The problem is not only money, but lifelong social backlash risk after reading the CV and the even more widespread aversion among the female part of the population. In this regard daycare babysitting and whatnot is possibly quite helpful in changing the image of the institution into something society as a whole can more easily accept. It would benefit a discussion if we had some data on attitudes as they play in my opinion a more important role for choices at this young age before partnerships are more settled.

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  5. "I don't see a real difference to the current system, so for the throughput to make this idea work in significant enough numbers for any impact it probably needs some kind of "conscription".

    That is a strawman: You have no numbers and you simply ignore, that a 6-12 months militia system is attractive for people who would never serve 4 years as enlisted man.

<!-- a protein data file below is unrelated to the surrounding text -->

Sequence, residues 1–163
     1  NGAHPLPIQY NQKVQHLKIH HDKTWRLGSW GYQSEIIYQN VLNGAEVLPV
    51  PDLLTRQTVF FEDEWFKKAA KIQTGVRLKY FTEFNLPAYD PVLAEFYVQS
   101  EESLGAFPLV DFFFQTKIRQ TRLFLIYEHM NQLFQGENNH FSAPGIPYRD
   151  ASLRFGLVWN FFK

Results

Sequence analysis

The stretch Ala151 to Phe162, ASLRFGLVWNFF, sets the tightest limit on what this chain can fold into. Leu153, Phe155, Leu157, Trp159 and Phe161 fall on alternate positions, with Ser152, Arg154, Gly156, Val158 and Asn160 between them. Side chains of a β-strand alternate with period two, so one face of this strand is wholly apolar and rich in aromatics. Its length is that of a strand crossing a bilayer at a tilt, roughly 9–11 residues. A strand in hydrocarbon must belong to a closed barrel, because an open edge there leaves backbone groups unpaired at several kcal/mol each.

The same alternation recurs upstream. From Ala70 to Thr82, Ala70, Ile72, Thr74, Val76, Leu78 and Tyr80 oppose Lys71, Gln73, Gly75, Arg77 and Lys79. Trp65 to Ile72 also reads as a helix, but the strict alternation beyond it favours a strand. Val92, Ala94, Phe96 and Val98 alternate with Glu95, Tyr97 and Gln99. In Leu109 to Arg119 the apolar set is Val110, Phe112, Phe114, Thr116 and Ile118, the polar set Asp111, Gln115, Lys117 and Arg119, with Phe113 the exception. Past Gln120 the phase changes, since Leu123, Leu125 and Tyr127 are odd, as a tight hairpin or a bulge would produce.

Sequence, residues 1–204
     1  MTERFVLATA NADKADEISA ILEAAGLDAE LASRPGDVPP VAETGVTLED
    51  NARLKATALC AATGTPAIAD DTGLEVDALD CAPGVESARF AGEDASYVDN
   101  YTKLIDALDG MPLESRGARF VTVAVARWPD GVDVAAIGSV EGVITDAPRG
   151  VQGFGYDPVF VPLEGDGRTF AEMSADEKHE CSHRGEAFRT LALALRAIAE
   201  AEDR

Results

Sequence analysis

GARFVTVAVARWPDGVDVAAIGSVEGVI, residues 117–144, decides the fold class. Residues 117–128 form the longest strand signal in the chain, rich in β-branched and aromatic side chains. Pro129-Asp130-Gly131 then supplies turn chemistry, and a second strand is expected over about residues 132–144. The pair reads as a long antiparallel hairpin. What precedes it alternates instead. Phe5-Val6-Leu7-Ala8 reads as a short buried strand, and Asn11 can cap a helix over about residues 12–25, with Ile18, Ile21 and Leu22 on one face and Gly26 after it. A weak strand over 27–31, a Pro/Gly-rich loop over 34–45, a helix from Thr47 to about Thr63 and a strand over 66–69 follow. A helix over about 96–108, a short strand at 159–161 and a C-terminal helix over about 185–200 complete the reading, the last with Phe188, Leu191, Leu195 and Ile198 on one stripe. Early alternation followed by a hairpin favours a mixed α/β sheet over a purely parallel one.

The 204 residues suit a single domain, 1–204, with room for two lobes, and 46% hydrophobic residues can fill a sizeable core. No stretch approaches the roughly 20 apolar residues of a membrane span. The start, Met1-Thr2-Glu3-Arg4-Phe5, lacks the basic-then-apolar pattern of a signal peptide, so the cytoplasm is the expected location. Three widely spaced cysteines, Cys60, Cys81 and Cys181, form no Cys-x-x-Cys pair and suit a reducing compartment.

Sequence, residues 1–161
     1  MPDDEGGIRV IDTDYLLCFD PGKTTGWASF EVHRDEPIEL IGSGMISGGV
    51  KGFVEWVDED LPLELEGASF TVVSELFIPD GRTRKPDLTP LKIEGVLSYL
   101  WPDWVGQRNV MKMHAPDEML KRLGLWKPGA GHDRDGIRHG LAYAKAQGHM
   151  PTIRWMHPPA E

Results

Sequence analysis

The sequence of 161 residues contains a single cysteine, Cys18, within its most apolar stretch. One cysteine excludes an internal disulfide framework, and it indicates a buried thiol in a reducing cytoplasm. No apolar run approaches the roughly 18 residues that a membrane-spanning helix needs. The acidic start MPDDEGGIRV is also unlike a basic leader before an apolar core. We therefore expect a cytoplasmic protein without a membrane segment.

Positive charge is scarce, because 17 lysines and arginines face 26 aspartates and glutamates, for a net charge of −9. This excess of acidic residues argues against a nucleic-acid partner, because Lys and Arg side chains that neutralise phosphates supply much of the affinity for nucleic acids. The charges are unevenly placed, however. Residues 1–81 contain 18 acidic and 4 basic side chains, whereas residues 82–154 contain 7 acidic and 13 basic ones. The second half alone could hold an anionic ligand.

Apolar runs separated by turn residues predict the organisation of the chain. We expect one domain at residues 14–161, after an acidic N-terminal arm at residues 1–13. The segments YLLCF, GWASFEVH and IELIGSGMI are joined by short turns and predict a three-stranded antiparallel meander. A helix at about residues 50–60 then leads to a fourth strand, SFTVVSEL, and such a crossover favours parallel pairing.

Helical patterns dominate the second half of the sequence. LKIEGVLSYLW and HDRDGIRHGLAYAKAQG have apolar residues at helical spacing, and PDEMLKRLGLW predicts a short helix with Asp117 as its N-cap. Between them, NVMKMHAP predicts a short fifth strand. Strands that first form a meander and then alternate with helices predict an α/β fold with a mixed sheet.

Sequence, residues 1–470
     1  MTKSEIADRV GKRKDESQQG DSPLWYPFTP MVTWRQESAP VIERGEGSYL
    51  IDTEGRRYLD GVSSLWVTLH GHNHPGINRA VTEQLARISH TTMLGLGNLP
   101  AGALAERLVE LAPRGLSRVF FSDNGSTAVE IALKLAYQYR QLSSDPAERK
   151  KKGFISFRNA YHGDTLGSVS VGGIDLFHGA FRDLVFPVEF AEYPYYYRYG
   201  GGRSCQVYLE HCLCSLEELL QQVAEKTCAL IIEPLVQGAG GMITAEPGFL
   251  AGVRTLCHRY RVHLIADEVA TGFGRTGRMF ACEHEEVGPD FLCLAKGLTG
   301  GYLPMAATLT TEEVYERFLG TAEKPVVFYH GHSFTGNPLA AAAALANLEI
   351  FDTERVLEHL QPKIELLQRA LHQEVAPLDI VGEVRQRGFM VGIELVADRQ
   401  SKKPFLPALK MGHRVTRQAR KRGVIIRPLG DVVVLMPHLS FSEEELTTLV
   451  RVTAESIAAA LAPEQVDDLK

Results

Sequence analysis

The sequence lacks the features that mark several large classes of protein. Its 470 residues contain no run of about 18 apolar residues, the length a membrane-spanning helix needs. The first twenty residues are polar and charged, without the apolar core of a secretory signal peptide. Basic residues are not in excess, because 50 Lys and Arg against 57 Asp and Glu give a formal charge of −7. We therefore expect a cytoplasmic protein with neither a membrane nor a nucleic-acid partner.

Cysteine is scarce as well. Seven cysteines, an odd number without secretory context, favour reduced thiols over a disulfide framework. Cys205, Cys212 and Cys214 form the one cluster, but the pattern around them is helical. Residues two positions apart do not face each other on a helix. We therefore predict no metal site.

The question is whether a volunteer force with 180.000 soldiers as target number gives in economically good times a better result than a smaller force (120.000) plus a militia system.

    The advantage of the militia system is that it costs peanuts to test it.

    Ulenspiegel

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    1. FWDL, isn't this exactly the field test you are talking abou?